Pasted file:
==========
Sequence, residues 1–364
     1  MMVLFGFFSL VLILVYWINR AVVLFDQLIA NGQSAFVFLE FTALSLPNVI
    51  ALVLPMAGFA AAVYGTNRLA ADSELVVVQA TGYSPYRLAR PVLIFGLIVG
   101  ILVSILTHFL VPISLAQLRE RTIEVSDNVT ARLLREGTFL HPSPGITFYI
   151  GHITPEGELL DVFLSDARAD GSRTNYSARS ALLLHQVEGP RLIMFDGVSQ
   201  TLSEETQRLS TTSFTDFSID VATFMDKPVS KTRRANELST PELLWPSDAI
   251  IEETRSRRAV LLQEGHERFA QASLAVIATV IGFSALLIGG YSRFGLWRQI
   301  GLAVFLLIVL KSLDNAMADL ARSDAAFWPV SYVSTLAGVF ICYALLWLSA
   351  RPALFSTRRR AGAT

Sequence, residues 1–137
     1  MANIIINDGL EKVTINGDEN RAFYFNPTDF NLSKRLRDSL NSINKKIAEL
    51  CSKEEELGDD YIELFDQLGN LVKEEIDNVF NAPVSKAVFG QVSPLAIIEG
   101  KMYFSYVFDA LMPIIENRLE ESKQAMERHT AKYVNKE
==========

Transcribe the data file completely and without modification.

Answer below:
Sequence, residues 1–364
     1  MMVLFGFFSL VLILVYWINR AVVLFDQLIA NGQSAFVFLE FTALSLPNVI
    51  ALVLPMAGFA AAVYGTNRLA ADSELVVVQA TGYSPYRLAR PVLIFGLIVG
   101  ILVSILTHFL VPISLAQLRE RTIEVSDNVT ARLLREGTFL HPSPGITFYI
   151  GHITPEGELL DVFLSDARAD GSRTNYSARS ALLLHQVEGP RLIMFDGVSQ
   201  TLSEETQRLS TTSFTDFSID VATFMDKPVS KTRRANELST PELLWPSDAI
   251  IEETRSRRAV LLQEGHERFA QASLAVIATV IGFSALLIGG YSRFGLWRQI
   301  GLAVFLLIVL KSLDNAMADL ARSDAAFWPV SYVSTLAGVF ICYALLWLSA
   351  RPALFSTRRR AGAT

Sequence, residues 1–137
     1  MANIIINDGL EKVTINGDEN RAFYFNPTDF NLSKRLRDSL NSINKKIAEL
    51  CSKEEELGDD YIELFDQLGN LVKEEIDNVF NAPVSKAVFG QVSPLAIIEG
   101  KMYFSYVFDA LMPIIENRLE ESKQAMERHT AKYVNKE